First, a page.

Vivaldi, the web browser founded by ex-Opera bloke Jon von Tetzchner, will make the privacy search engine DuckDuckGo its default search engine for its 'Private Window' mode.
The announcement - which couldn't be better timed - comes as many web users belatedly try to bolt stable doors following the revelations over Facebook and Cambridge Analytica.
Founded in 2008, DuckDuckGo claims that - unlike Google - it doesn't profile users or chase them around the web, and serves the same search results to all users.
Apple has offered DuckDuckGo as a search option in Safari since 2014, while Tor has used it by default since 2016.
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According to Vivaldi, the move sees the Opera-founded company "continuing to put the privacy of its users as one of its highest priorities"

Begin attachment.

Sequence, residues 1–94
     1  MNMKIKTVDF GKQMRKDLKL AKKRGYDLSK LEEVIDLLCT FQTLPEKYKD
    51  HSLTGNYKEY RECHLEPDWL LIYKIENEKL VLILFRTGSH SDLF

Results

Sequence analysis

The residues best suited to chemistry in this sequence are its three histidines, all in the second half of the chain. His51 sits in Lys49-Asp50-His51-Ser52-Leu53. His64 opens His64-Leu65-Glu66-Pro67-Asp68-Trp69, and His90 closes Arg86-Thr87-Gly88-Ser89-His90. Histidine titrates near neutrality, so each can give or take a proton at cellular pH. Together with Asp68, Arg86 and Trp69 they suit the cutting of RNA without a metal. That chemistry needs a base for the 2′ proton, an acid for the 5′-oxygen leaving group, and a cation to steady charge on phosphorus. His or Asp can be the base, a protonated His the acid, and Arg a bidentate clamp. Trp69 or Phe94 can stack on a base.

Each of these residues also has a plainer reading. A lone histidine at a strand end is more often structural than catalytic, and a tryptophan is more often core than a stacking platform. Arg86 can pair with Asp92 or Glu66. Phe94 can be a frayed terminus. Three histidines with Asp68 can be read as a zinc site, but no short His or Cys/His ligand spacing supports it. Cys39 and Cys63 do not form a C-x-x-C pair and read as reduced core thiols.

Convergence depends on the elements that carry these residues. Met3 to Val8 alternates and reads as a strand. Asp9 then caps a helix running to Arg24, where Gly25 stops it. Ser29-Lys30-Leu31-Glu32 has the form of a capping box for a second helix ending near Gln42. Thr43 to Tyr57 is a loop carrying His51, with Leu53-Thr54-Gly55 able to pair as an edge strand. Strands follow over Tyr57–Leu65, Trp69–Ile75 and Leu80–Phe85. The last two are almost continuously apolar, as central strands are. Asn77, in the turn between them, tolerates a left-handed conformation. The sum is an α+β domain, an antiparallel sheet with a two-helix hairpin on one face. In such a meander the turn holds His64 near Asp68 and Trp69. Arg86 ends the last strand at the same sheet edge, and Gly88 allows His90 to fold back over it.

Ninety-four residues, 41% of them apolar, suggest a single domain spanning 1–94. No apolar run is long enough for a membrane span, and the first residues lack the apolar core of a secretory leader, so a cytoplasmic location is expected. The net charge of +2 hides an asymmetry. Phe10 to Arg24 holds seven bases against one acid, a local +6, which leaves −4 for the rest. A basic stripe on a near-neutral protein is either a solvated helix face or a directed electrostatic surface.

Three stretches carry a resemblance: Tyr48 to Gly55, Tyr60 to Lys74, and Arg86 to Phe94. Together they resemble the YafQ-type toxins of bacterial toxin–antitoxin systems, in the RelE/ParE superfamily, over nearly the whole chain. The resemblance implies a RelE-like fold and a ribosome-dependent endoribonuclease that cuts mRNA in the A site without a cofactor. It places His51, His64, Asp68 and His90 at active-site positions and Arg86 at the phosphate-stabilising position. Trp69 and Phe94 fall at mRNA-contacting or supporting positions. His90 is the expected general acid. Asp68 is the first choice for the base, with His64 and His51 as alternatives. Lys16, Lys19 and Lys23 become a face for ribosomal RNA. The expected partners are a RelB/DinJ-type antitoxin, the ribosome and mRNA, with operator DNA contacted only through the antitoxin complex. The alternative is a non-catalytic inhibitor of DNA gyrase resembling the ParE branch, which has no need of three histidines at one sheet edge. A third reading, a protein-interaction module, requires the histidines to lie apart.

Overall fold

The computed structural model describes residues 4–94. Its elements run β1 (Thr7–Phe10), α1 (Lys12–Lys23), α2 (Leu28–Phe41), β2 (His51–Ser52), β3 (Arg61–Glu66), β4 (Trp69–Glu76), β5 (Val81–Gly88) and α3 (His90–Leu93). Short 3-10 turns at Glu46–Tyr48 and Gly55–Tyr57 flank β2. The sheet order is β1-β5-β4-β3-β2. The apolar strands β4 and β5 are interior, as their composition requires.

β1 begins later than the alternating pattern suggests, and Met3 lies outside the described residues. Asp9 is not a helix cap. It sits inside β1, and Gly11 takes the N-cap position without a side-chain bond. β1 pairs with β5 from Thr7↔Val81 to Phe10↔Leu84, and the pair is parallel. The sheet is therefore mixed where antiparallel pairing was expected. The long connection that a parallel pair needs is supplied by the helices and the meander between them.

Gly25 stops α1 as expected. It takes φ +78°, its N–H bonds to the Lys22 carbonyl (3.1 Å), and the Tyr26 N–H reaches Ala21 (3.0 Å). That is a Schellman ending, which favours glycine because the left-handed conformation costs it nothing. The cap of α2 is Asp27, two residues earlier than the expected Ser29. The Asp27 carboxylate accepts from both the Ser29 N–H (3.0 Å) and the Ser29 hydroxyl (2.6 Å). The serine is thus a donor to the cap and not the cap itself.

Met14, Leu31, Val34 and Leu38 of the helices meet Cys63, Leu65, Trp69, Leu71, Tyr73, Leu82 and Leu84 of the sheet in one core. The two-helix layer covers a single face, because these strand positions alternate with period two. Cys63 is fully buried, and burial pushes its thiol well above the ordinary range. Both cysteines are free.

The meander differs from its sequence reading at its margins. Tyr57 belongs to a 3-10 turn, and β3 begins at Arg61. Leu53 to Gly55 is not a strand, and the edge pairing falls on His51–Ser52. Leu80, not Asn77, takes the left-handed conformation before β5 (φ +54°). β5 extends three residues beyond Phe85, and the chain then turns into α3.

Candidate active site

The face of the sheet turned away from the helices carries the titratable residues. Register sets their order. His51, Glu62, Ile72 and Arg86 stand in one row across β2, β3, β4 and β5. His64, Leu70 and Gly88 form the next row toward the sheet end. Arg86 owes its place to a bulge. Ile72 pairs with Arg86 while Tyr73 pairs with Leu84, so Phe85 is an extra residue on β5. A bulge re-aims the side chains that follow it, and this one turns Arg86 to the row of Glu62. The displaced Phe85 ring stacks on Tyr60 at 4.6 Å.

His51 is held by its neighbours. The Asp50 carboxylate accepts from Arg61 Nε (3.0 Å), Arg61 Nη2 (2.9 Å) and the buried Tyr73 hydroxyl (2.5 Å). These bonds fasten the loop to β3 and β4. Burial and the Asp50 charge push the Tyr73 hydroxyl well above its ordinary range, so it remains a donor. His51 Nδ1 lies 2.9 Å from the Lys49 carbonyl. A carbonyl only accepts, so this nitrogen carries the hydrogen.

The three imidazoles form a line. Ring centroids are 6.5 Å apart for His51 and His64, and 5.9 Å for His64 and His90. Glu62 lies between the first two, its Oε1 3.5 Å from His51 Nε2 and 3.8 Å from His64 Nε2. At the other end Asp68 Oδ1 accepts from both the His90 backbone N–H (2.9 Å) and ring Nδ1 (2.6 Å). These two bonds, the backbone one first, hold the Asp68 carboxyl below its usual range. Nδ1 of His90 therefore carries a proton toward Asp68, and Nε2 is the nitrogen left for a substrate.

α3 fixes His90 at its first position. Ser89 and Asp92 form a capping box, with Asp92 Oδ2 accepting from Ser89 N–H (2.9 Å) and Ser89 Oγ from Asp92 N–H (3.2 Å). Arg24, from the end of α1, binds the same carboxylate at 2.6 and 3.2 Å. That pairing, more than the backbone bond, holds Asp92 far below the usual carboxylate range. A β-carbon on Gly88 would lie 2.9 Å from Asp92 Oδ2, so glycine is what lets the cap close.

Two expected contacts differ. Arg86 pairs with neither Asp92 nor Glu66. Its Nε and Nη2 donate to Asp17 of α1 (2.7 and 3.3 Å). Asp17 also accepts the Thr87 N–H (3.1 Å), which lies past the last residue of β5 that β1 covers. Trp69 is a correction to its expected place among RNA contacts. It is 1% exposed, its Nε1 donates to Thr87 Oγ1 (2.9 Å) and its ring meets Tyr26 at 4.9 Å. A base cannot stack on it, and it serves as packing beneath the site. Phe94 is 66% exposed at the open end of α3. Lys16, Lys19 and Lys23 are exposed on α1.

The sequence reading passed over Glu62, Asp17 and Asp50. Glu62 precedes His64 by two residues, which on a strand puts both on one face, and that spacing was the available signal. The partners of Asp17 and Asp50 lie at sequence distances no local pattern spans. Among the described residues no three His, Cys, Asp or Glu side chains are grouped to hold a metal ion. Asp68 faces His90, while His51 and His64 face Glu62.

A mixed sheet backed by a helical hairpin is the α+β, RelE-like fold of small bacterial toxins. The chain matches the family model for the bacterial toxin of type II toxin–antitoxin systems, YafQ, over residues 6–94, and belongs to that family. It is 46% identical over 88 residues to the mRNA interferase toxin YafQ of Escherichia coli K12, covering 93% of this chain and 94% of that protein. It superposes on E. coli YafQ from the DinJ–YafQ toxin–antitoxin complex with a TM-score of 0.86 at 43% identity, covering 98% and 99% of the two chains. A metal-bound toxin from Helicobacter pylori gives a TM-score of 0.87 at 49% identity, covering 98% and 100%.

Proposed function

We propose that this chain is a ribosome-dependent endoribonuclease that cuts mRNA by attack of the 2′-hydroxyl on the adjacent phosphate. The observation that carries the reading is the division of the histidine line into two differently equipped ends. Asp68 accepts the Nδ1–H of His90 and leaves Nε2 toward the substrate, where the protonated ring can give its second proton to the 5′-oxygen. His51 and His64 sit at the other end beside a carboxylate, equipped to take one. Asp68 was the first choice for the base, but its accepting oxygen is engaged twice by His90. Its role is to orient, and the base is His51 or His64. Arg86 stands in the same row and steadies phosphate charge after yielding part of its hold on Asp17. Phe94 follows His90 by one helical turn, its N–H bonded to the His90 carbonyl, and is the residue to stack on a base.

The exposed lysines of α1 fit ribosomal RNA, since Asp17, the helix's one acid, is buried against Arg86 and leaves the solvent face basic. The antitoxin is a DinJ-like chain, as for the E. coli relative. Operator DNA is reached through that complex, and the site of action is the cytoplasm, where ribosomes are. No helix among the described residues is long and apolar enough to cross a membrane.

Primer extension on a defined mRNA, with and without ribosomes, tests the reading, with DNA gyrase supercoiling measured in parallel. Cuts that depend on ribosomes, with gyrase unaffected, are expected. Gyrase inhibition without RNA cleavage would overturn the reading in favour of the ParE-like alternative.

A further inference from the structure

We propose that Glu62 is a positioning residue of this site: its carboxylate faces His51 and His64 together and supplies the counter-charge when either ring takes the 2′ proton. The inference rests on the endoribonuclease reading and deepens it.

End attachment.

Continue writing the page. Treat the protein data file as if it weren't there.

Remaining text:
"We believe privacy is a fundamental right and that users should not be tracked online or offline," said Vivaldi Technologies CEO Jon von Tetzchner.
"The current climate demands a thriving internet - not an internet with increased surveillance and security breaches. There has been a widespread concern amongst users about their data being shared.
"More than ever, there is an immediate need to protect our privacy. We are proud to join hands with DuckDuckGo and provide solutions in Vivaldi that respect users' privacy."
Gabriel Weinberg, CEO and founder of DuckDuckGo, added: "A lot of people think their searches aren't tracked in private browsing modes. Unfortunately, that's not true.
"This new integration with Vivaldi enables people to get the privacy they expect and deserve in that mode."
The move, as noted by VentureBeat, also marks that first time that a browser-maker has allowed users to set different default search engines for standard and private browsing windows.
Not only is Vivaldi's announcement well-timed, given Facebook's growing private-data scandal, but it also comes as Microsoft attempts to force its homegrown Edge browser onto Windows 10 users.
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